Remembering Edward Said Five Years On
By Stephen Lendman
22 September, 2008
Chomsky called his death an "incalculable loss." A year later, Ilan Pappe said "his absence seems to me still incomprehensible. What would have happened if we still had Edward with us in this last year....another terrible (one) for the values (he) represented and causes he defended." Tariq Ali referred to his "indomitable spirit as a fighter, his will to live, (my) long-standing friend and comrade," and described his ordeal:
"Over the last eleven years one had become so used to his illness - the regular hospital stays, the willingness to undergo trials with the latest drugs, the refusal to accept defeat - that (we thought) him indestructible." Leukemia kills, and in response to Ali's questions, his doctor said there was "no medical explanation for (his) survival." No doubt Dr. Kanti Rai made a difference. Said spoke of him reverentially - of his "redoubtable medical expertise and remarkable humanity" that kept him going during his darkest times, and there were many. He later described months in and out of the hospital, "painful treatments, blood transfusions, endless tests, hours and hours of unproductive time spent staring at the ceiling, draining fatigue and infection, inability to do normal work, and thinking, thinking, thinking."
Yet, as Ali recounted, in the end the "monster (overpowered him), devouring his insides (but when) the cursed cancer finally took him the shock was intense." Palestinians had lost their "most articulate (and powerful) voice....(he's) irreplaceable."
Veteran Palestinian-American journalist Ramzy Baroud agrees. He called 2003 a bad time for Palestinians to lose one their iconic best and described him like many others: He "stood for everything that is virtuous. His moral stance was even more powerful than (his) essays, books and music (as critic, scholar and consummate artist)....He was an extraordinary intellectual, thoughtful....inimitable" and never silent or compromising in his beliefs or virtue. No "wonder he....was adored by (his) people (and) detested by the" forces he opposed.
Phyllis Bennis called him "one of the great internationalist intellectuals of our time....a hero of the Palestinian people (and) the global peace and justice movement as well....(my) great mentor, a challenging collaborator, a remarkable friend....his passion, vision, wit (and fury against injustice) will be terribly missed."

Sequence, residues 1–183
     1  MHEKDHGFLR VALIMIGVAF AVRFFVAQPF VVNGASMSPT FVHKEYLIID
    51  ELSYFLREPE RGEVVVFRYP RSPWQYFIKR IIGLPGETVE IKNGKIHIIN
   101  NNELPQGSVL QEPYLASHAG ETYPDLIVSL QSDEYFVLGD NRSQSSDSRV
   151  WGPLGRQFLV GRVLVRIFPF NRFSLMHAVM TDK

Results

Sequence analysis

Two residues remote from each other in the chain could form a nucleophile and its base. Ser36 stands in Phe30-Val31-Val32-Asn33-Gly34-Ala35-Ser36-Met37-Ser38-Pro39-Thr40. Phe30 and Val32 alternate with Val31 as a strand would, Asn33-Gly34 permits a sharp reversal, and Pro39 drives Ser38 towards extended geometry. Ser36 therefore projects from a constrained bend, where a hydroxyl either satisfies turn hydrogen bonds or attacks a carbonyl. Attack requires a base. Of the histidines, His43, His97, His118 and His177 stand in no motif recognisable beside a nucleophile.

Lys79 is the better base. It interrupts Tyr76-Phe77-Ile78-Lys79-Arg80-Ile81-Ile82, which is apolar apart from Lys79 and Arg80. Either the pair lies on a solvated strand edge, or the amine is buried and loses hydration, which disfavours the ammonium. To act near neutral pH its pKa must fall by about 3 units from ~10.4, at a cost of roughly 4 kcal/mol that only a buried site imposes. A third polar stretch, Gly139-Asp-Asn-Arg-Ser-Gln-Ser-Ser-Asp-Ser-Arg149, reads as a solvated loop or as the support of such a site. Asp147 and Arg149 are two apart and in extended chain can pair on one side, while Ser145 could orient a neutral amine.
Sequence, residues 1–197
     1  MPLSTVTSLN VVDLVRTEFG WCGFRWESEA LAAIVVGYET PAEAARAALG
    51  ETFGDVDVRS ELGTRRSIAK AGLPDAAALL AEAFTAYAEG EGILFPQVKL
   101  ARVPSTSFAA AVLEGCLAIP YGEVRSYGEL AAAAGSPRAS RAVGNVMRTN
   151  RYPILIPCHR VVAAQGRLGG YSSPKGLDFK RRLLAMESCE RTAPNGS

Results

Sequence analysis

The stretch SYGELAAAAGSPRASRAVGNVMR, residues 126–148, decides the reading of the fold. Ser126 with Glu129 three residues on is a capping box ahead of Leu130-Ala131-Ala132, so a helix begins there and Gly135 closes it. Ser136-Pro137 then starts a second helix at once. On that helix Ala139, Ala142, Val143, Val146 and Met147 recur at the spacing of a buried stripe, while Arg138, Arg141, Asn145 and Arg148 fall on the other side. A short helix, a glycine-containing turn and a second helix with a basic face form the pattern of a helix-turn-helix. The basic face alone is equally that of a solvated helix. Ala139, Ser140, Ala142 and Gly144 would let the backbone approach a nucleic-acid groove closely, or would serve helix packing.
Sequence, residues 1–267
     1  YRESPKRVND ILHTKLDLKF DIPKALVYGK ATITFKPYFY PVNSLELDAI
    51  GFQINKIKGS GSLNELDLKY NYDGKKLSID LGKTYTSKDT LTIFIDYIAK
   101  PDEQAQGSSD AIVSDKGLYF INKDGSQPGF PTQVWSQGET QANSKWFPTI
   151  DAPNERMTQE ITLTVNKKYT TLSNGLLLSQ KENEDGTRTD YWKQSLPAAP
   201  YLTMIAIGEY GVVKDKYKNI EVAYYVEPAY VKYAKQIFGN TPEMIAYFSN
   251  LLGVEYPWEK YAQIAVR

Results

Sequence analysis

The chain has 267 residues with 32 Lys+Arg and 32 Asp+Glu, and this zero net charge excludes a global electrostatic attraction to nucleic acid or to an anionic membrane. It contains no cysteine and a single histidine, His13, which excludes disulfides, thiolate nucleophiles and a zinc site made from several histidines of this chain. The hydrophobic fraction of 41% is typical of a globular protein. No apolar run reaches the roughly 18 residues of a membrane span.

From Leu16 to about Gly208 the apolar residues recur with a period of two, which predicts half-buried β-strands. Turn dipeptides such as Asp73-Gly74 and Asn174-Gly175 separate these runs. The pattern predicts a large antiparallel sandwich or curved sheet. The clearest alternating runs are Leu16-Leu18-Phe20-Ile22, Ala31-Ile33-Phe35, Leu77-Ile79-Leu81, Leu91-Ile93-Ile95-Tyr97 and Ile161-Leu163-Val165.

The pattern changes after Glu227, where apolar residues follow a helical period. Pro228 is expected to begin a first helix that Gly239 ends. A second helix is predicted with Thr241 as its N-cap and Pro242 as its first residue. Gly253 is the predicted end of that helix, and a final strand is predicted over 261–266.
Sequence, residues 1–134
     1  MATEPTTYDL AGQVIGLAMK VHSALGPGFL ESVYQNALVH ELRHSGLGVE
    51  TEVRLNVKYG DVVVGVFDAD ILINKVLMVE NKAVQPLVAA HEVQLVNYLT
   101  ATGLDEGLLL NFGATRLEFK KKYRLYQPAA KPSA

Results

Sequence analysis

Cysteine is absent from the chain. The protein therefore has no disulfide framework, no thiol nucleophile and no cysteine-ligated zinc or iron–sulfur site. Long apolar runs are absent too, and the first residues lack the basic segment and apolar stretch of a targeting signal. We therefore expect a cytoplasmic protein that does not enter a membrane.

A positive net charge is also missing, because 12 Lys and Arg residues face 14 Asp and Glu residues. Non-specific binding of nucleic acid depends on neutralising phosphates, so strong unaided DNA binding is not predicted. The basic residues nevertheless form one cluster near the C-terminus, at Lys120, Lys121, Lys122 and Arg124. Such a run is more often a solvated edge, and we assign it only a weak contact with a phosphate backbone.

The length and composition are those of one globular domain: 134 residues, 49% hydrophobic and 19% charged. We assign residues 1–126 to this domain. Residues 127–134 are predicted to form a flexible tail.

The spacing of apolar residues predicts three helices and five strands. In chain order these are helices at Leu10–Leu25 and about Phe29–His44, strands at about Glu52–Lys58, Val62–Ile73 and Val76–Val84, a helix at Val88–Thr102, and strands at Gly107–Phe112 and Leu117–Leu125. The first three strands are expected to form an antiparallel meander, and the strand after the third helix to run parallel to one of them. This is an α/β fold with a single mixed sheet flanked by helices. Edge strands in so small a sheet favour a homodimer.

Daniel Barenboim called him a "fighter and a compassionate defender. A man of logic and passion. An artist and a critic....a visionary (who) fought for Palestinian rights while understanding Jewish suffering." In 1999, they jointly founded the West-East Divan - an orchestra for young Arabs and Jews who collaboratively "understood that before Beethoven we all stand as equals....Palestinians have lost a formidable defender, the Israelis a no less formidable adversary, and I a soulmate."
Rashid Khalidi is the Edward Said Professor of Arab Studies
On September 30, 2003,
When he learned of his illness and its seriousness, Said
decided to write (from memory) a biographical account of his childhood,
upbringing and early years in
He began "Out of Place" in 1994 while recovering from three early rounds of chemotherapy and continued to completion with the help and "unstinting kindness and patience" of the "superb nurses" who spent months caring for him as well as his family and friends whose support helped him finish.
He recounted a young man's coming of age. Of coming to terms
with being displaced. An American. A Christian. A Palestinian. An outsider, and
ultimately the genesis of an intellectual giant. An uncompromising opponent of
imperialism and oppression, and an advocate for his peoples' struggle for
justice and self-determination. No one made the case more powerfully or with
greater clarity than he did - in his books, articles, opinion pieces, and
wherever he spoke around the world. He made hundreds of appearances and became
a target of pro-Israeli extremists. They threatened him and his family. Once
Said's great writings include Orientalism (1978) in which he
explained a pattern of western misinterpretation of the East, particularly the
His writings showed the breath of his scholarship, interests
and activism - on comparative literature, literary criticism, culture, music
and his many works on Israeli-Palestinian history and conflict - combining
scholarship, passion and advocacy for his people in contrast to the West's